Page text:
State Representatives Glen Casada and Brandon Ogles have joined State Rep. Scott Cepicky in support of a lawsuit filed by Texas Attorney General Ken Paxton, a lawsuit that aims to invalidate the 2020 presidential election results in four key battleground states.
Filed on Tuesday to the U.S. Supreme Court, the lawsuit asserts the results in four states — Georgia, Michigan, Pennsylvania and Wisconsin — to be "unlawful," and requests that they be deemed unconstitutional due to "the appearance of voting irregularities," as well as asserted violations of state election laws.
Paxton has been acting attorney general for the state of Texas since 2015 and has drawn national attention after being indicted that same year on charges of securities fraud. As recently as October of this year, Paxton has also faced allegations of bribery and abuse of power, and is currently under investigation by the FBI according to "two people with knowledge of the probe," per the Associated Press.
Attorney General William Bar said on Tuesday that the U.S. Justice Department has found no evidence of widespread voter fraud capable of changing the results of the 2020 election.
"There's too much evidence"
Cepicky, who represents Maury County, announced early Wednesday morning that he had asked state leadership and Tennessee Attorney General Herbert Slatery III to sign onto the Paxton's lawsuit, writing that "our election integrity is of [the] utmost importance if the Republic is going to survive."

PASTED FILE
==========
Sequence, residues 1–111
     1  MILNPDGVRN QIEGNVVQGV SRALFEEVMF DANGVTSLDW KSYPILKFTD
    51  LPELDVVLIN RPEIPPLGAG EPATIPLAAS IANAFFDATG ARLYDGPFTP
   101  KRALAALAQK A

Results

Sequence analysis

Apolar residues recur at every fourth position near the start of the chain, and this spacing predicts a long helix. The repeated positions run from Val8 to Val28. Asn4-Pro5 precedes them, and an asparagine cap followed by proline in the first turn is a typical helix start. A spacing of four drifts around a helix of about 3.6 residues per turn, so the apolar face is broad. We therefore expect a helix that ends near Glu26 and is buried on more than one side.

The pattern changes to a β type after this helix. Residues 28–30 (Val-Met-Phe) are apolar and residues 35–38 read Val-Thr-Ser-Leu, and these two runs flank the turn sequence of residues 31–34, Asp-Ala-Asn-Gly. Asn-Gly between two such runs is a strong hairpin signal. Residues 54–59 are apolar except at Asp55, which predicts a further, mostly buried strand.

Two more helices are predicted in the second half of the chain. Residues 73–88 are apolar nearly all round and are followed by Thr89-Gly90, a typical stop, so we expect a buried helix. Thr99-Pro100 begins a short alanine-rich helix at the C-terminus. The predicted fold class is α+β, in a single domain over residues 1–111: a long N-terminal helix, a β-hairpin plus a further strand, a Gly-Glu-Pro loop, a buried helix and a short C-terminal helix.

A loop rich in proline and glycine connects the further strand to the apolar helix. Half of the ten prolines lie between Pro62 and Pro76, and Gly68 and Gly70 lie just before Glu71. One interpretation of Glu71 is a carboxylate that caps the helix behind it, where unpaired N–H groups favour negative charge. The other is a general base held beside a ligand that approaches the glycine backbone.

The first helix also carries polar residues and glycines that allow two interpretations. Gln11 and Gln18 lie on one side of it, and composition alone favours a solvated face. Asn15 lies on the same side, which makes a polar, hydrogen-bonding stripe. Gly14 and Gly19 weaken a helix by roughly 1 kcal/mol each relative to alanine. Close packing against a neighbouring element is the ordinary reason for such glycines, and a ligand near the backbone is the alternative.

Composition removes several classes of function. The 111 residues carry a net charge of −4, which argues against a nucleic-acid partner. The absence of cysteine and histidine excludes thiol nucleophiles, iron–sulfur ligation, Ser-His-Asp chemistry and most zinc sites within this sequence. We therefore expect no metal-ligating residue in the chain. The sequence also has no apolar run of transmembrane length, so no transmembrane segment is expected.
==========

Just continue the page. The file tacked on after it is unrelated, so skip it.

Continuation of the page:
Casada, who represents eastern Williamson County, told the Home Page in a text exchange that he also intends to support the lawsuit alongside Cepicky and "many" other State House Republicans.
"There's too much evidence; eyewitness testimonies, etc. that there was corruption via mail-in ballots in some of the states in this year's election," Casada wrote.
Casada further wrote that there was no immediate timeline for Tennessee to sign onto the lawsuit, and that that would ultimately be up to the state's attorney general.
Ogles, who represents western Williamson County, told the Home Page in an email exchange that he would also be supporting the lawsuit.
"It is troubling to see that there are other states who have not held the election process in as high regard as we in Tennessee have," Ogles wrote.
State Rep. Sam Whitson wrote that he was unfamiliar with the lawsuit and that he had no comment.
The Williamson County Republican Party alleged similar claims as those expressed by Casada and others, asserting fraud in the 2020 election to be "so rampant from one end of the nation to the other" that Republican leaders ought to "step forward" and "champion [the] fight" against the alleged fraud.